I agree with Donna E. Shalala and Linda Burnes Bolton in their Editorial, "The Initiative on the Future of Nursing" (September), that nurses are key to many issues surrounding the health and well-being of Americans.
Another issue is apparent to me, however, and it's regarding not the nursing shortage but the lack of available nursing jobs. This summer, I lost my job as a school nurse because of budget cuts. A friend of mine was laid off at a major teaching hospital, again, because of budget cuts. Another friend, who is earning her nursing degree and working as a nurse assistant at a large children's hospital, fears that she won't be able to work there in the future because of—you guessed it—budget cuts and hiring freezes. We have all searched in vain for jobs, applying to no fewer than 50 positions in different hospitals and nursing practices. An agency I've worked with was told by one school that they didn't want a nurse with a bachelor's degree. I was essentially told that I have too much education to be employed there.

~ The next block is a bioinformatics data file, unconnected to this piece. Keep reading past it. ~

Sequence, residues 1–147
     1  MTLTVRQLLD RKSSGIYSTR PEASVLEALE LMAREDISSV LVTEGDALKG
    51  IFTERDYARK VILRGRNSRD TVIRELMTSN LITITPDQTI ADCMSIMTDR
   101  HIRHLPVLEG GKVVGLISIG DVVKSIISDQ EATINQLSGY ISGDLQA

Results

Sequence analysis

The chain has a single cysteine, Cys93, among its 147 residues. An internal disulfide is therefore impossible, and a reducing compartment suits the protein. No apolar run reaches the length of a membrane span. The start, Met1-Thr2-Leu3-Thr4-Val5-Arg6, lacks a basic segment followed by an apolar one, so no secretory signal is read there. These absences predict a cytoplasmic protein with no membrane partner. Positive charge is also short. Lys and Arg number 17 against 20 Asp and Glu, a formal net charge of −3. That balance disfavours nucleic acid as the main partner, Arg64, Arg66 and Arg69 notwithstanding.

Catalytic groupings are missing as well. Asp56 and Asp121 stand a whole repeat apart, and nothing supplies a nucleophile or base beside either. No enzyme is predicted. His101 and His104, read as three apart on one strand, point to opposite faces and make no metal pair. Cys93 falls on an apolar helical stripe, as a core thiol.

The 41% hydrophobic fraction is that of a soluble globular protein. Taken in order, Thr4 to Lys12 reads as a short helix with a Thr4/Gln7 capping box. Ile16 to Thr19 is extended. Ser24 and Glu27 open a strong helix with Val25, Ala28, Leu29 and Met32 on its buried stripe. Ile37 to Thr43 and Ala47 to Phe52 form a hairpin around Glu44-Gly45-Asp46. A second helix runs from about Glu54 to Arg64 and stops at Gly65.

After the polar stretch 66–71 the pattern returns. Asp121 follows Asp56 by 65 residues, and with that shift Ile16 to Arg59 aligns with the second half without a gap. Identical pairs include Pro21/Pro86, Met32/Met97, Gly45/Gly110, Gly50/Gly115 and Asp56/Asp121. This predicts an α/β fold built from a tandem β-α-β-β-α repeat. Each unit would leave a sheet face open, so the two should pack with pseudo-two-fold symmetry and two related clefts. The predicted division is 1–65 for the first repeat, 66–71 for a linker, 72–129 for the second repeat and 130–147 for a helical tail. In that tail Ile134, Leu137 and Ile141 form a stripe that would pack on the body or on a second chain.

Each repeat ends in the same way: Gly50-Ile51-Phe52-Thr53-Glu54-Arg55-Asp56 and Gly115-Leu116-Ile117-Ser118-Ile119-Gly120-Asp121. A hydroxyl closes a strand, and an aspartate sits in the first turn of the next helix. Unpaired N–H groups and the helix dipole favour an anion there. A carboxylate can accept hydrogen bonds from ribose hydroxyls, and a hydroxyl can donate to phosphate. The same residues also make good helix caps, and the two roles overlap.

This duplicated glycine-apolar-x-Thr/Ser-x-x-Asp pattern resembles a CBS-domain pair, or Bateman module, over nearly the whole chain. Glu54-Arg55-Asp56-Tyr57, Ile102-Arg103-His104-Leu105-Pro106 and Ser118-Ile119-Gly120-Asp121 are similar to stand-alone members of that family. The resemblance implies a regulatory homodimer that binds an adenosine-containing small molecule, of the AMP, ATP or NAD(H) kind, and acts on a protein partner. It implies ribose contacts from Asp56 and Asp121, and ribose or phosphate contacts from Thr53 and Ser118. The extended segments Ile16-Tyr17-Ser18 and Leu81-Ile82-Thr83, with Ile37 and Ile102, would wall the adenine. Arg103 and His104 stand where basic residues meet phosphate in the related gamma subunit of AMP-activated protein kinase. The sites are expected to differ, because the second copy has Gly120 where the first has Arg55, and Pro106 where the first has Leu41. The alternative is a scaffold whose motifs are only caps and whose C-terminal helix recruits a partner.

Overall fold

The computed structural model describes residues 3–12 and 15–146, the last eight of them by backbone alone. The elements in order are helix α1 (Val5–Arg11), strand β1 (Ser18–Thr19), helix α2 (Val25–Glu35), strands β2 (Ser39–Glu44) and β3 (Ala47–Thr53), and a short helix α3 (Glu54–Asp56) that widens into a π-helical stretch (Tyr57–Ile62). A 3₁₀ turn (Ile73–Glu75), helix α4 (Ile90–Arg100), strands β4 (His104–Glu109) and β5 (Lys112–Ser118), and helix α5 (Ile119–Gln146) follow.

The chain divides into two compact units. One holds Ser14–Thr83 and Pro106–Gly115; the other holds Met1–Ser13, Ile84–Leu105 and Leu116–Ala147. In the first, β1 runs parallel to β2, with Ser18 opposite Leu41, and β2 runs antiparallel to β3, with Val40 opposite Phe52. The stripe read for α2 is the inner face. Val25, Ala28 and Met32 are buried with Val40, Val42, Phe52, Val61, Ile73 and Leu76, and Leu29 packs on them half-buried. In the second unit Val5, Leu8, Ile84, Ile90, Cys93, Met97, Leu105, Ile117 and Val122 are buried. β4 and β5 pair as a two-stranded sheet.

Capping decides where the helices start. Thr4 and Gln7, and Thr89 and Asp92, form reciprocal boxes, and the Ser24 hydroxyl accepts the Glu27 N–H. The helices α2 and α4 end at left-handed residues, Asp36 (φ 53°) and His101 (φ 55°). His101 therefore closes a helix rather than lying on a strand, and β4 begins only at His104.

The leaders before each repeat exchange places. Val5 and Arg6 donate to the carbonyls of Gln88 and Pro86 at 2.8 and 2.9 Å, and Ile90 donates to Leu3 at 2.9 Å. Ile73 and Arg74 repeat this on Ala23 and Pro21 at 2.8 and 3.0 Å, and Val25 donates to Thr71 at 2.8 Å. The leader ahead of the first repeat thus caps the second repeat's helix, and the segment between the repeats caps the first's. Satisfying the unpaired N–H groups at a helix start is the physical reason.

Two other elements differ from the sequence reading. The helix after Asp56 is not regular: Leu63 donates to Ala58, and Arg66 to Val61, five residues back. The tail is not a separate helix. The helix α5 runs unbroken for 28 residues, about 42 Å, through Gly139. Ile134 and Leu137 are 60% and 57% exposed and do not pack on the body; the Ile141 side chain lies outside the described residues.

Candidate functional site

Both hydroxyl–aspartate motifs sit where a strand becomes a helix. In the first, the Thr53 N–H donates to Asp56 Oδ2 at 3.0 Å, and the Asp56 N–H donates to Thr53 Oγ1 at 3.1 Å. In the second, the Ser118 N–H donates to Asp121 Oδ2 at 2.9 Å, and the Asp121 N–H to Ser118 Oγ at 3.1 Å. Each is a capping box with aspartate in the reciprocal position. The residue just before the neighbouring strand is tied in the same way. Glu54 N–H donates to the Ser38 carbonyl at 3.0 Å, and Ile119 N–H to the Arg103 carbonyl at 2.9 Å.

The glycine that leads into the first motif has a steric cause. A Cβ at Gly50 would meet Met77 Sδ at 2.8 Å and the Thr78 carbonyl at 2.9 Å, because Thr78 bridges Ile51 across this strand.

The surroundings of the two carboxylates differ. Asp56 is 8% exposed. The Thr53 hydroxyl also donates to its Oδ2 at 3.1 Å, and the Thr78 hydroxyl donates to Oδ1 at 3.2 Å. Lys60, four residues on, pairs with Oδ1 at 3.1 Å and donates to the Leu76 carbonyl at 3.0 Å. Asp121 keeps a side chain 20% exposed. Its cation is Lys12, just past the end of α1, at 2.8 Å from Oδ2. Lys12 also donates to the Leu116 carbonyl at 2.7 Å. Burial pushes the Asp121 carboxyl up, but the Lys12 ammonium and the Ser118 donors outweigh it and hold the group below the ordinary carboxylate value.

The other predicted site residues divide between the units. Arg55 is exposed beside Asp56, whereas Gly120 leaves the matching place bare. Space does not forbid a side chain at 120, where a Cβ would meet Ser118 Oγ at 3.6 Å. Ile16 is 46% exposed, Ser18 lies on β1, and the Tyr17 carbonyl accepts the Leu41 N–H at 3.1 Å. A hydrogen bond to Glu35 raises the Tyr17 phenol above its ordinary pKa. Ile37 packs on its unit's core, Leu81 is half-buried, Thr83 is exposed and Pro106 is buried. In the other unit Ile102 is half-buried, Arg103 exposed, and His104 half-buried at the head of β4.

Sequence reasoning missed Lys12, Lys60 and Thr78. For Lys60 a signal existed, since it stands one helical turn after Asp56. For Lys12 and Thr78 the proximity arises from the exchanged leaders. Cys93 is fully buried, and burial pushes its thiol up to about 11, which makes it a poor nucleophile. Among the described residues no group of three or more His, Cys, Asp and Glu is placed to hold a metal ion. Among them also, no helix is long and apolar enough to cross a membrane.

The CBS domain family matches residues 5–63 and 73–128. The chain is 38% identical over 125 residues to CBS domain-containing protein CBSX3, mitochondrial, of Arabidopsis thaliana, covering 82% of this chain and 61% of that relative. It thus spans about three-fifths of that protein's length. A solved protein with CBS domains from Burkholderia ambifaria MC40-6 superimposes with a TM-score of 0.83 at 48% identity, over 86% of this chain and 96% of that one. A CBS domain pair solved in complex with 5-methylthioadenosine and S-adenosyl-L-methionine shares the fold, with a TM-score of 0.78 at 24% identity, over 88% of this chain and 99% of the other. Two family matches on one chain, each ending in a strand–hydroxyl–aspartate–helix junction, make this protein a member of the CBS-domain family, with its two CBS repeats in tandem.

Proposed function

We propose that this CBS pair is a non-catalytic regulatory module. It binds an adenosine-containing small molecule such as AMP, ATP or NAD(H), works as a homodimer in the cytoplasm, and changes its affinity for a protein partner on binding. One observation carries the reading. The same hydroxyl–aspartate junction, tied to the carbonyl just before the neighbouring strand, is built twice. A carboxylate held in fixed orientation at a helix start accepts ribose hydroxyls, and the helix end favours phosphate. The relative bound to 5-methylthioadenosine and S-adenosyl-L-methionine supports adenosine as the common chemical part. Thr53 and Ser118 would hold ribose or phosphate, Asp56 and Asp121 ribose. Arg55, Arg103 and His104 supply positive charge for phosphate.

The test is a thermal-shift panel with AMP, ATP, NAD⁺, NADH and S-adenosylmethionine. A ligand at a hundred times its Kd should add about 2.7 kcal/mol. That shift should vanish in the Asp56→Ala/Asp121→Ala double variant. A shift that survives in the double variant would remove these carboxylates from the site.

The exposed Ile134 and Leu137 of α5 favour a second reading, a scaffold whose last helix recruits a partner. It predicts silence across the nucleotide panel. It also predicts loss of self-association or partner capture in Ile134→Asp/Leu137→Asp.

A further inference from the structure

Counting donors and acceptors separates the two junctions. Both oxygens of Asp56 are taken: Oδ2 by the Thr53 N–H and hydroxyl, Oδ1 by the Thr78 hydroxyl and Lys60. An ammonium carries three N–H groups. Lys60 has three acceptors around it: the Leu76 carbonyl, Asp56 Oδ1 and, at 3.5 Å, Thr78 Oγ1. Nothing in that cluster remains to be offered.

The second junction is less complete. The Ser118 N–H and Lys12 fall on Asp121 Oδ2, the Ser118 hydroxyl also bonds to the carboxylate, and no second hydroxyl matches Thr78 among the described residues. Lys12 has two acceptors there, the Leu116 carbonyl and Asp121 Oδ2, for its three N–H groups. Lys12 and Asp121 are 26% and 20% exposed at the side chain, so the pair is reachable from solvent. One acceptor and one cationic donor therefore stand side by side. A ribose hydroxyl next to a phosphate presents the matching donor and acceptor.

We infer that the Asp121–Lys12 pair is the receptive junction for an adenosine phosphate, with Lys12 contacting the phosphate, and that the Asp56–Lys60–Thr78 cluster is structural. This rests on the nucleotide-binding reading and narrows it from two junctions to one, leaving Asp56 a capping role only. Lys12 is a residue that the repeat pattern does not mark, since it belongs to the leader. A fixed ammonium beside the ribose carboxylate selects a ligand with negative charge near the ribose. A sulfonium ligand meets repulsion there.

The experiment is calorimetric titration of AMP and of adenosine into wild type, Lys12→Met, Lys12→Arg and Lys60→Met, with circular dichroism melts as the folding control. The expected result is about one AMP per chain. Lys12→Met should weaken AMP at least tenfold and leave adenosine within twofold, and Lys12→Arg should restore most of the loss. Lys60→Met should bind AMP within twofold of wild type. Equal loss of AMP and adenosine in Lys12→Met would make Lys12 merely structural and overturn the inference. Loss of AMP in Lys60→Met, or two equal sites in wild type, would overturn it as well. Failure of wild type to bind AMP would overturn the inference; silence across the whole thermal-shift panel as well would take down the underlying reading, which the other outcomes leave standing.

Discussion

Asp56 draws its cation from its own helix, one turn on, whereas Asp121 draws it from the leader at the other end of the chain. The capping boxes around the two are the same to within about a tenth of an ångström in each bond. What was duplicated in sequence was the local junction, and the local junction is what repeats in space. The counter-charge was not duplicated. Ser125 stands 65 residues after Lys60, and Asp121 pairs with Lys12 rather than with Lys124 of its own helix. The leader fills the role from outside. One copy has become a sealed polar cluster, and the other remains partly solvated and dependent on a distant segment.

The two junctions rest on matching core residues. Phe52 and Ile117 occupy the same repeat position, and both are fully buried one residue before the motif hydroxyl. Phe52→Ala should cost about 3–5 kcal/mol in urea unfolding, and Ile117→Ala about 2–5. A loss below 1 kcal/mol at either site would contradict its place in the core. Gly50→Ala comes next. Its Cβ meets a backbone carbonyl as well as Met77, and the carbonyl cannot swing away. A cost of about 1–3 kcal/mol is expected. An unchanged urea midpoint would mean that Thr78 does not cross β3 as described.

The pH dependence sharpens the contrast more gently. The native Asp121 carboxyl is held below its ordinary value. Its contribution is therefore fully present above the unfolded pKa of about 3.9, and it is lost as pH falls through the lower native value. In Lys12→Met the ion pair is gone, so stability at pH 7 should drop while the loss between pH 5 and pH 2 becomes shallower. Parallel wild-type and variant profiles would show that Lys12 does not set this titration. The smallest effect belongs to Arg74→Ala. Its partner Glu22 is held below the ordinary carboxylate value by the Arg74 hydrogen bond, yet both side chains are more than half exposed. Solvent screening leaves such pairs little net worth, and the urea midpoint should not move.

Whether the challenge is to obtain reimbursement for hospital bills or funding for building projects, the result is that our schools, hospitals, clinics, and other facilities in which nurses serve will continue to suffer from lack of staffing. Primary and preventive care will suffer because both experienced and new nurses are not able to do the job they are passionate about. The nursing shortage may very well intensify—because of layoffs, hiring freezes, and employers' refusal to recognize the value of nurses.
Marisa Nash, BSN, RN
Arlington Heights, IL